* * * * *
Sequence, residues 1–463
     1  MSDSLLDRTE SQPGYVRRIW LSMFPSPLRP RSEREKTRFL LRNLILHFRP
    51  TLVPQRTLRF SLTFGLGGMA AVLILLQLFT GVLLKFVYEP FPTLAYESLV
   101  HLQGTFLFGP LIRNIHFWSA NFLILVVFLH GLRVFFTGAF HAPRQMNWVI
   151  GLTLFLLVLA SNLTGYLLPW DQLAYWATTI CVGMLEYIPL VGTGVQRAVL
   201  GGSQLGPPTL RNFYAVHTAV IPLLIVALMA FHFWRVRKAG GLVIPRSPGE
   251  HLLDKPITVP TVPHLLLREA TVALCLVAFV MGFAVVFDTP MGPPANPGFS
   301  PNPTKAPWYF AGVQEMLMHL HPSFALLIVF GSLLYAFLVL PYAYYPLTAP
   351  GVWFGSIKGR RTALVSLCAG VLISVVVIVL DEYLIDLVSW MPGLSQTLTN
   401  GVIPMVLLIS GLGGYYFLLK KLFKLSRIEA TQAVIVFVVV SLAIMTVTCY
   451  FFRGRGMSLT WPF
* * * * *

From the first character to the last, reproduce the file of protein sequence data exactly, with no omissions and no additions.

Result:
Sequence, residues 1–463
     1  MSDSLLDRTE SQPGYVRRIW LSMFPSPLRP RSEREKTRFL LRNLILHFRP
    51  TLVPQRTLRF SLTFGLGGMA AVLILLQLFT GVLLKFVYEP FPTLAYESLV
   101  HLQGTFLFGP LIRNIHFWSA NFLILVVFLH GLRVFFTGAF HAPRQMNWVI
   151  GLTLFLLVLA SNLTGYLLPW DQLAYWATTI CVGMLEYIPL VGTGVQRAVL
   201  GGSQLGPPTL RNFYAVHTAV IPLLIVALMA FHFWRVRKAG GLVIPRSPGE
   251  HLLDKPITVP TVPHLLLREA TVALCLVAFV MGFAVVFDTP MGPPANPGFS
   301  PNPTKAPWYF AGVQEMLMHL HPSFALLIVF GSLLYAFLVL PYAYYPLTAP
   351  GVWFGSIKGR RTALVSLCAG VLISVVVIVL DEYLIDLVSW MPGLSQTLTN
   401  GVIPMVLLIS GLGGYYFLLK KLFKLSRIEA TQAVIVFVVV SLAIMTVTCY
   451  FFRGRGMSLT WPF